I knit this sweater for Pat a few years ago. I knit it a bit on the snug side and then proceeded to shrink it in the laundry. I may have done a decent job of knitting it, but I didn’t do a decent job of putting it together – look at how awful those seams are! The sweater as-is was unwearable by my husband, didn’t fit me and Edie wasn’t interested. So it sat on my mending pile for eons while I pondered what to do with it.
I’ve read the suggestion in a few knitting and craft books to unravel old sweaters and re-purpose the yarn in new projects. This seemed like a genius idea and I decided to apply it to this sweater, which I seemed to recall was knit out of a decent cotton blend or something along those lines. It took me a year to knit the sweater, but how long would it take to unknit it?
As it turns out, over a month. Look closely at the bottom of the sweater, the arms and the neck – see the ribbing? There was simply no pulling the string and watching the sweater unravel, oh no. Each stitch had to be individually unraveled by hand, pulling ALL the yarn through. Same thing where I had reduced stitches – which was pretty much every row on the sleeves. Those were the parts I did first of course, because they were smaller and seemed easier. They weren’t.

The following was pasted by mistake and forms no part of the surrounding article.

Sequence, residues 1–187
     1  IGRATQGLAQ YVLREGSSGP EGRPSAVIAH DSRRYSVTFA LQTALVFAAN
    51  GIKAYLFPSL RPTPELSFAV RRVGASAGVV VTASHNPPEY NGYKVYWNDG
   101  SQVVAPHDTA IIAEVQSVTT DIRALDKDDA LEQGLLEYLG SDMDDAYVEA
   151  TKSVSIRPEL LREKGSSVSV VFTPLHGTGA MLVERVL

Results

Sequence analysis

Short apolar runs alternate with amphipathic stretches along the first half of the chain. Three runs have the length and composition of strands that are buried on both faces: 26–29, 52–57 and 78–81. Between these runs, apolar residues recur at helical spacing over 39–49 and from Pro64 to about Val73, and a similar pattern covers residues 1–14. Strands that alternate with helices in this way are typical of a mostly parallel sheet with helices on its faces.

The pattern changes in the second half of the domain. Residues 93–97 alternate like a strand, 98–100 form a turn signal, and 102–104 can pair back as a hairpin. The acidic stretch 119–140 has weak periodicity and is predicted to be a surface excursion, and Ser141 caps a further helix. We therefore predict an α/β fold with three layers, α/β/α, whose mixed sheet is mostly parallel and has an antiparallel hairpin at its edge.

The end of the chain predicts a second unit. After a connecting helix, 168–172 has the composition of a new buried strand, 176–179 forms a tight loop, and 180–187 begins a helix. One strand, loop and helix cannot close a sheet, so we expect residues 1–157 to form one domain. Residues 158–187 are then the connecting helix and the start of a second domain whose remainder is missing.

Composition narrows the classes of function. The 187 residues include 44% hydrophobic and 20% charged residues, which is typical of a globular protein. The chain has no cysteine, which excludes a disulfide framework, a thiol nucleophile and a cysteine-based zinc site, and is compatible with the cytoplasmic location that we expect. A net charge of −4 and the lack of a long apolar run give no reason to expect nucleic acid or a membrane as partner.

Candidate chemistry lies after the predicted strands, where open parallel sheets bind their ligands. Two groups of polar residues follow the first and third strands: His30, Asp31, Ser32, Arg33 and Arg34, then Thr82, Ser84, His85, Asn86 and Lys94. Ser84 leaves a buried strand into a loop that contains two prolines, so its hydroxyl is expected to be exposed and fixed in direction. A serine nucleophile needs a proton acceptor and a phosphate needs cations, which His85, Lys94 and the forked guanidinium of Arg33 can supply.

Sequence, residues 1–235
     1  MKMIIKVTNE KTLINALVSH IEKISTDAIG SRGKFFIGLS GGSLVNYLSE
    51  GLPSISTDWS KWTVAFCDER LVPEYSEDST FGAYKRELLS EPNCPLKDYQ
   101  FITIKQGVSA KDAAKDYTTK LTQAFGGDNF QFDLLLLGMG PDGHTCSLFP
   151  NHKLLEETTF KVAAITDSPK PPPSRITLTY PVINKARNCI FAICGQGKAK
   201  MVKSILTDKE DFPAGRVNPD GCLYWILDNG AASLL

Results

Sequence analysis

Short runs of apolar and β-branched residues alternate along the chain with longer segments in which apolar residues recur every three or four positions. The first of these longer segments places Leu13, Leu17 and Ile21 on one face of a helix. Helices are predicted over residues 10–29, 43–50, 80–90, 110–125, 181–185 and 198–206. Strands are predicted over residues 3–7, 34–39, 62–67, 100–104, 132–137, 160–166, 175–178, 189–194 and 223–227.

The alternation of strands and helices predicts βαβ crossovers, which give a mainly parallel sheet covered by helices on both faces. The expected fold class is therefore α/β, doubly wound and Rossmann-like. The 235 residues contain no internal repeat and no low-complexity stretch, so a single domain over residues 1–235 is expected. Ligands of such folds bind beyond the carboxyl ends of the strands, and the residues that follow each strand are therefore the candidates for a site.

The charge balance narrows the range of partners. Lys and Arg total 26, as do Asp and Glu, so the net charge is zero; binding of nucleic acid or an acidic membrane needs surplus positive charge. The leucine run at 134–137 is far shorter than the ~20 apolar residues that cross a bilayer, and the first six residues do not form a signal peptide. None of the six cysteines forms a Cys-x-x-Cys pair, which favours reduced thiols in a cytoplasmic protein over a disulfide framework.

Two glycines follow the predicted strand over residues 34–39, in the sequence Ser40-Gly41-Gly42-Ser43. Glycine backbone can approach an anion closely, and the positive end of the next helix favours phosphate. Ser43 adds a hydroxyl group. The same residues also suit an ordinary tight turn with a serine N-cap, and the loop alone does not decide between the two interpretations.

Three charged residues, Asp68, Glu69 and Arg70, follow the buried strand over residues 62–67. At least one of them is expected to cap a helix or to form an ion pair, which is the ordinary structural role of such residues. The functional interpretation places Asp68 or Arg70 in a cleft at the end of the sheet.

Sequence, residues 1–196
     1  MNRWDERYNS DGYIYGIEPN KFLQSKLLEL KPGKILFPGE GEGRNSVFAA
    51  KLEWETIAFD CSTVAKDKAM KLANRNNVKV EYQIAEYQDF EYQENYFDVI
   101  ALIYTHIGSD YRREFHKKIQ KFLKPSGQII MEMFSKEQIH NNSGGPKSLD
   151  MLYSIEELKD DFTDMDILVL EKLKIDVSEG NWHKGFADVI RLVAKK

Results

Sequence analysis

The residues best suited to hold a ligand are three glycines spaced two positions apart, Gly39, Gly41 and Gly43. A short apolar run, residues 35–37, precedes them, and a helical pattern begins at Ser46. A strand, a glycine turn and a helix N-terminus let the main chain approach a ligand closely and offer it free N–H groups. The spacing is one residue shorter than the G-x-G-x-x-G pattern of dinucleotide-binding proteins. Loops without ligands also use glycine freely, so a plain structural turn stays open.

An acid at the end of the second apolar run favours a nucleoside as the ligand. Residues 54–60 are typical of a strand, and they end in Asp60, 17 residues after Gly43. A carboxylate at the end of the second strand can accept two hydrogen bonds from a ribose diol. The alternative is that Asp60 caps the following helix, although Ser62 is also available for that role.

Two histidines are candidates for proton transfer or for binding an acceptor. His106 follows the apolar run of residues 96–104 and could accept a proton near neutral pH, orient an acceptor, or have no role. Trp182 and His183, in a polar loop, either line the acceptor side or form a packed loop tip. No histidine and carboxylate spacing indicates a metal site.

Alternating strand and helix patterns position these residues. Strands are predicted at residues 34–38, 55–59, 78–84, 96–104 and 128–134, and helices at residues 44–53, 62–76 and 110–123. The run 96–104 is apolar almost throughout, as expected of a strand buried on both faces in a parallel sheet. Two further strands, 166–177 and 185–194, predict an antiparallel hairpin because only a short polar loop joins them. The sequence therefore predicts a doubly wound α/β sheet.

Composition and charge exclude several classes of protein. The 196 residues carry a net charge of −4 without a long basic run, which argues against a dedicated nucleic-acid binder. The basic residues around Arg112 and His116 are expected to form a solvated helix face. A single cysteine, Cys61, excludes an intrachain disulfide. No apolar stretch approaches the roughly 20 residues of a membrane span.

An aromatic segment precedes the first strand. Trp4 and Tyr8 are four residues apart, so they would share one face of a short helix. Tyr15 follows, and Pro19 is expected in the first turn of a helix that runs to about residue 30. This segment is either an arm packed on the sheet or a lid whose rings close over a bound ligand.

Once started though, I refused to give up. I had grand plans to repurpose that yarn – I’m not at all sure to what now, but dammit, I was going to unknit that sweater.
I finally finished the other evening. Those balls of yarn would be what’s left of the sweater, awaiting a new lease on life, whatever that shall be. I set out to unknit the sweater and unknit I did. I think I even learned a bit about knitting in the process and that once you settle into the rhythm of unknitting, it can be almost as soothing as knitting. But not entirely. Knitting is still more satisfying, but both processes have something to show for it at the end, so there’s that. I do love having something to show for my efforts at the end of the day.